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Feds crack down on brothers behind 45 million illegal robocalls

Carriers cracking down on robocalls
Telecom carriers cracking down on robocalls 01:49

Three New Jersey brothers will pay $1.6 million to settle charges of instigating more than 45 million illegal robocalls nationwide, including to tens of millions of Americans on the Federal Trade Commission's Do Not Call Registry, the agency announced on Friday.

The siblings also agreed to a permanent ban on telemarketing and will hand over a residential property to resolve the agency's allegations, made in a complaint filed by Department of Justice on behalf of the FTC. 

According to the FTC's suit, Joseph, Sean and Raymond Carney initiated more than 45 million illegal telemarketing calls to people across the U.S. between January 2018 and March 2019 to pitch a line of septic tank cleaning products. Most of the calls, or 31 million, were placed to numbers on the FTC's registry of people who don't want to receive marketing calls.

Telemarketers working on behalf of the brothers falsely told consumers they were calling from an environmental company to offer free information on their septic tank cleaning products, the complaint charges. 

Instead, people staying on the call allegedly got a sales pitch. People who bought the products and had outstanding balances were falsely told they would be referred to an attorney or collection agency, according to the government.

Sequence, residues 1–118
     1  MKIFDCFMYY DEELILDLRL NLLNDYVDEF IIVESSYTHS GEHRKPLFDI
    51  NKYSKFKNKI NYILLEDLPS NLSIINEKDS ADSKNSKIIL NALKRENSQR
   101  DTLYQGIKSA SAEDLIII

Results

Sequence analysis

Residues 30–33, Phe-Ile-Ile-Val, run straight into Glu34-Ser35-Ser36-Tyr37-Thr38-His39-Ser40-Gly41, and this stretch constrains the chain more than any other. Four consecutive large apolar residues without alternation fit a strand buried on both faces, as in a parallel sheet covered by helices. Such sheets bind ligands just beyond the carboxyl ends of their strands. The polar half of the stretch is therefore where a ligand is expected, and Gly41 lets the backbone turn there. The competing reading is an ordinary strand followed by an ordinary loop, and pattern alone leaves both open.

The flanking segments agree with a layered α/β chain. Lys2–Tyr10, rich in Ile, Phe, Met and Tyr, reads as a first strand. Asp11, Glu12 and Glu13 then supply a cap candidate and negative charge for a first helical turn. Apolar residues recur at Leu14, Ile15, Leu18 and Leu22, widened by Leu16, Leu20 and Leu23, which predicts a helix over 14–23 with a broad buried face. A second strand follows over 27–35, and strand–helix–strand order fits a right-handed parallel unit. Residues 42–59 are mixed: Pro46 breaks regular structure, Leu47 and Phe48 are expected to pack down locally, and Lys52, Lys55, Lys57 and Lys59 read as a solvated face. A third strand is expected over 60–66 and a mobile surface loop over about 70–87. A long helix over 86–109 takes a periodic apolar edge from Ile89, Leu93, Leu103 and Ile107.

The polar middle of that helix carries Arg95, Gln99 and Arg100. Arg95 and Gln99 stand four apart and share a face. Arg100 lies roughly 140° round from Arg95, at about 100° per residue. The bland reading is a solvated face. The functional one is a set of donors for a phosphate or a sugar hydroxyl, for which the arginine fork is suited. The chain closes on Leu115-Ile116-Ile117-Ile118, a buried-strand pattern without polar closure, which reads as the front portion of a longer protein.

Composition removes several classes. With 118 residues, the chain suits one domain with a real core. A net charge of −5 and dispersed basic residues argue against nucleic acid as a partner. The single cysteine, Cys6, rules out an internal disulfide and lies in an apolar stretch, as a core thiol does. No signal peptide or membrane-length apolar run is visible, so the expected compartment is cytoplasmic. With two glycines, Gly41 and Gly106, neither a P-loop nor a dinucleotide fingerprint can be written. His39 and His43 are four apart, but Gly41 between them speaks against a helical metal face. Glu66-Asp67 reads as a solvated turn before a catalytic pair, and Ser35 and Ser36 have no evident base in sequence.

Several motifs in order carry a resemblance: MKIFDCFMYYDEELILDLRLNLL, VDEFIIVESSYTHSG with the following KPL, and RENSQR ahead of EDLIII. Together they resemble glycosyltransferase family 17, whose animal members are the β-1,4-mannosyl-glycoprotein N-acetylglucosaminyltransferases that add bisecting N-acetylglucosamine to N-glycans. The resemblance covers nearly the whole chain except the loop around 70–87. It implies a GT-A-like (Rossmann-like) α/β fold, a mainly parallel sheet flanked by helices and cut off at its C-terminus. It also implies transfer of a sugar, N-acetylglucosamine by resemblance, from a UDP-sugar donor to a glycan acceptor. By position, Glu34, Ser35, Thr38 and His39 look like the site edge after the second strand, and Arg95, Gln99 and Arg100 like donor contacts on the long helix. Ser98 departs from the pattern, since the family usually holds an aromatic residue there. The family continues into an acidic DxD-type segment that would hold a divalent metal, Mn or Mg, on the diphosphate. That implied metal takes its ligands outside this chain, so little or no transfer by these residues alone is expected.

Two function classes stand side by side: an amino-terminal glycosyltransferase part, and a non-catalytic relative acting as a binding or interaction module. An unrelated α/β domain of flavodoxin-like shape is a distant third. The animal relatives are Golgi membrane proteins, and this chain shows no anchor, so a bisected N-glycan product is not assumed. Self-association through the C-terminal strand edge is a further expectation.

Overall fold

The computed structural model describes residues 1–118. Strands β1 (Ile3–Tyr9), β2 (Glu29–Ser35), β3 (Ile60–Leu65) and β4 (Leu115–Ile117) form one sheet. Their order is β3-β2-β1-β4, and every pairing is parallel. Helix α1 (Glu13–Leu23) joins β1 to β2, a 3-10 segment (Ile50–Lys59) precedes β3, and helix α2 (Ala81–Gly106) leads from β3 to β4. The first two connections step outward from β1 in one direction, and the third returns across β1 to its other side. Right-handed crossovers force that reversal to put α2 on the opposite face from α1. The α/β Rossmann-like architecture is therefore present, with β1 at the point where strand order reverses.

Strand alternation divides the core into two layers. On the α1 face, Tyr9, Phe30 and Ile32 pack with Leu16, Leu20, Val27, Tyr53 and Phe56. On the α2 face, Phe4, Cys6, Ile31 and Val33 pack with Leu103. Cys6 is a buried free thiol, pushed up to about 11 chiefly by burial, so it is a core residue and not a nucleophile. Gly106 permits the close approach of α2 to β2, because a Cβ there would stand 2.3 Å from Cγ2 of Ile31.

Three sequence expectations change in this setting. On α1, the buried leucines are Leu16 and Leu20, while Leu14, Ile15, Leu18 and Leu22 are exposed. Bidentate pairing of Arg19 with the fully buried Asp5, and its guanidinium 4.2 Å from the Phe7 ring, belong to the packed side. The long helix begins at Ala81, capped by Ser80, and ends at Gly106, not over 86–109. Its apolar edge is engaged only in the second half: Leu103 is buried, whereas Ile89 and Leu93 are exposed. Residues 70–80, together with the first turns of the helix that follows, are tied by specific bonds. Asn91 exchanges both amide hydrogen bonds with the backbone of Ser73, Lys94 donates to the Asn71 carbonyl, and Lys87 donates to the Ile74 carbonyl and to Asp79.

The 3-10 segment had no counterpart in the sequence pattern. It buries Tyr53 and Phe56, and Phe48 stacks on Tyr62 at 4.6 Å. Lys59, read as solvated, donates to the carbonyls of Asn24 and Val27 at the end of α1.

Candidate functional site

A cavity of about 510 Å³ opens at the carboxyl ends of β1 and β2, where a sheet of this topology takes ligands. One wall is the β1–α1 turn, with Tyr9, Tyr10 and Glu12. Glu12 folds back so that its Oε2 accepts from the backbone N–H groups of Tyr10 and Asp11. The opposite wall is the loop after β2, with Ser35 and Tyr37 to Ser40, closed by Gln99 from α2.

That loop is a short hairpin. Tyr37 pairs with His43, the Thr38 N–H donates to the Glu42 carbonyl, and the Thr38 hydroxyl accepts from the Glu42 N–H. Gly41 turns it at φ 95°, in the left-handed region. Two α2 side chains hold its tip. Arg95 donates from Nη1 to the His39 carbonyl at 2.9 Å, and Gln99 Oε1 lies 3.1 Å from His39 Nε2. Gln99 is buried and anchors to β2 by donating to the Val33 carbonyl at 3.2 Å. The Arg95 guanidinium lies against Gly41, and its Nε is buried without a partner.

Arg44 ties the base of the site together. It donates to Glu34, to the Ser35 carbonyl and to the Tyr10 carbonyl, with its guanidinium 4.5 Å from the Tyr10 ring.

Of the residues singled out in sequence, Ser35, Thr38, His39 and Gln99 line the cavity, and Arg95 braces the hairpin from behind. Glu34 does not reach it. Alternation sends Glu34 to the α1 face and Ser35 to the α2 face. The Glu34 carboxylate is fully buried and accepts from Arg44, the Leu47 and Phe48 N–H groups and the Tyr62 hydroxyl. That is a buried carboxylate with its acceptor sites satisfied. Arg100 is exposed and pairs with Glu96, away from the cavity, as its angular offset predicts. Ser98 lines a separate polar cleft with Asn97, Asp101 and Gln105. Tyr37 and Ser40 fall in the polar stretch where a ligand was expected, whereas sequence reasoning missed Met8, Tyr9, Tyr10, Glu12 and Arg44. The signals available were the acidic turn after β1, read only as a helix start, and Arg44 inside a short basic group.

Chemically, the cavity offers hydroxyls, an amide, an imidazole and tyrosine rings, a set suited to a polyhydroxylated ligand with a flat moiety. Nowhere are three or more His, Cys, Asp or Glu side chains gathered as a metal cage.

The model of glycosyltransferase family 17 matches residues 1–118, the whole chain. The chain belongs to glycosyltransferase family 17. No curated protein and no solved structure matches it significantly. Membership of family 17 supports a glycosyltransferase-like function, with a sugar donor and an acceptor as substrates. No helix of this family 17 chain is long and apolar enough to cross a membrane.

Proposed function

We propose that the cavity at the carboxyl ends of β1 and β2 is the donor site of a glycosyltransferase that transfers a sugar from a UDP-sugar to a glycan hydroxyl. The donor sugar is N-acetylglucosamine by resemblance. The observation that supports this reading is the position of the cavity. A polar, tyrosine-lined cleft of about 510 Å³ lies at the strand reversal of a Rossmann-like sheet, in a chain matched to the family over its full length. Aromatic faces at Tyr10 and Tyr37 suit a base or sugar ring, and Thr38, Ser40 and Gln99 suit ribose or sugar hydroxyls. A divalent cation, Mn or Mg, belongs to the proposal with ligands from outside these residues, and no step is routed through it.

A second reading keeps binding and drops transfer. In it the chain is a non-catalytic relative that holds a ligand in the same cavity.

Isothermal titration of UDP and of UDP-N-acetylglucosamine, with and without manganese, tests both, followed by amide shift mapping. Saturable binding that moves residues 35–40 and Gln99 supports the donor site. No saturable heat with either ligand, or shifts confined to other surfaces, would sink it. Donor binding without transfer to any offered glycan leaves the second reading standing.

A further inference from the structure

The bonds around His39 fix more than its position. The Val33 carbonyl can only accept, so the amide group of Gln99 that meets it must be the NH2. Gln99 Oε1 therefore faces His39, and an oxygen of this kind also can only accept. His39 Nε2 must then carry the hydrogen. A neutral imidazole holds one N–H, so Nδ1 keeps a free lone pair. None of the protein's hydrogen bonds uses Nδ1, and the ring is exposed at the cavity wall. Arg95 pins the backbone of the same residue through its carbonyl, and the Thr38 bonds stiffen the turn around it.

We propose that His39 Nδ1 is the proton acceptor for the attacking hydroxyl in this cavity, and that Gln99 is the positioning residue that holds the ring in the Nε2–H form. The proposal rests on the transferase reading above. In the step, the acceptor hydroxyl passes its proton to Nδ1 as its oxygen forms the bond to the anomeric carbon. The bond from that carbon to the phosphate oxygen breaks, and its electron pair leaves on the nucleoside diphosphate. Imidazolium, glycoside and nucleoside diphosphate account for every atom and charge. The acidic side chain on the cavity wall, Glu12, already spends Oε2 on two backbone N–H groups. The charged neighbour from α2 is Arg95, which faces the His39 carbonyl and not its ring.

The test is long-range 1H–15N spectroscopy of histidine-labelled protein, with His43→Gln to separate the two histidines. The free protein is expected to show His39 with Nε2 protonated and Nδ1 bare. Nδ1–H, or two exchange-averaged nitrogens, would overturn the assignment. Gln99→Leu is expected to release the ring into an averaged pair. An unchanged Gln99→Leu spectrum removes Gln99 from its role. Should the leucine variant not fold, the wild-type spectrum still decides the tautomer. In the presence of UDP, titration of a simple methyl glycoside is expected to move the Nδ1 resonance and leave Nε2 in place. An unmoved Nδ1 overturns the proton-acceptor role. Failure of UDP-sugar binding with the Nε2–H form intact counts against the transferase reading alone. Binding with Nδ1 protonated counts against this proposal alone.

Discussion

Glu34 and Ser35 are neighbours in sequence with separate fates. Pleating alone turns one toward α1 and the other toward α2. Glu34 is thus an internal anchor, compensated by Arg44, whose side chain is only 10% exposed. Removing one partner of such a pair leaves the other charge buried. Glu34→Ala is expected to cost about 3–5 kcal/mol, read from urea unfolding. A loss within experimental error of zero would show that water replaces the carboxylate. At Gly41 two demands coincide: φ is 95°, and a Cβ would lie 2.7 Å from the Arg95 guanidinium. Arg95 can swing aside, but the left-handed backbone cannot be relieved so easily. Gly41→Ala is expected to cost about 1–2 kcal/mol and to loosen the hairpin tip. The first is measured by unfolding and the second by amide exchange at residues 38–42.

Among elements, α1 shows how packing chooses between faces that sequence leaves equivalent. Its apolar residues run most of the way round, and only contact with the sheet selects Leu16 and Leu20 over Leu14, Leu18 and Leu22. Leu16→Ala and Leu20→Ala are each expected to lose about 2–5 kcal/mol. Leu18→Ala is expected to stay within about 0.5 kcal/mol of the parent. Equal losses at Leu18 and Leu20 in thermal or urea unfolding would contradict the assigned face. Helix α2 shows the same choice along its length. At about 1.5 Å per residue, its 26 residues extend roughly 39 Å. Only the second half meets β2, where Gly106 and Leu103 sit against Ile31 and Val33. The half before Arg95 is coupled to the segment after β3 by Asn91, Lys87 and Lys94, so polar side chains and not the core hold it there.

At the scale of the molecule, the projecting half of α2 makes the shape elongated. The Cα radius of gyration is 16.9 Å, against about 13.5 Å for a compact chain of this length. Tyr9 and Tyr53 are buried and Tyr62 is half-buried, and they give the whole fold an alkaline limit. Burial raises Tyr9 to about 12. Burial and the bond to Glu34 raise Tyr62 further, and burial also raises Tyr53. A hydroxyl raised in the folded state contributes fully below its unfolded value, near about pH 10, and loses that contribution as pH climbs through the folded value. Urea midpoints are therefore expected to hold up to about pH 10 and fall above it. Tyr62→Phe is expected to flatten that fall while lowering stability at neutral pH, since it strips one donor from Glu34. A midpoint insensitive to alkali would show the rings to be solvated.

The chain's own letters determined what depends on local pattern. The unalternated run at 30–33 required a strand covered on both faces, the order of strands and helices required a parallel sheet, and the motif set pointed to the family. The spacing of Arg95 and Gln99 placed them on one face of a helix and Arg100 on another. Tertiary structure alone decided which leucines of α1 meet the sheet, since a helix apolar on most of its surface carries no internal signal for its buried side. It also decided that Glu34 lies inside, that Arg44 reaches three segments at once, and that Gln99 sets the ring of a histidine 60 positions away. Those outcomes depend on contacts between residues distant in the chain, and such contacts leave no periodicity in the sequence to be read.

"The defendants continued to call consumers despite the consumers having told the defendants to stop calling and to place the consumers' telephone number on the defendants' internal do not call list," the complaint states.

Joseph and Sean Carney, two officers of Environmental Safety International , or ESI, are prohibited from billing or trying to collect payments from anyone in connection with the business, which must be dissolved within 30 days, the settlement stipulates. 

Efforts to contact ESI were unsuccessful, with a company phone number disconnected. 

The Federal Communications Commission last month started requiring wireless companies to adopt authentication technology to block robocalls. Americans got roughly 4 billion spam calls in May alone, according to the makers of call blocking app YouMail.  

"We want to stop robocalls and make it easier for consumers to safely answer the phone, Acting FCC Chairwoman Jessica Rosenworcel recently told CBS News Consumer Investigative Correspondent Anna Werner. Rosenworcel called the new regulation "crucial" in stopping scammers. 

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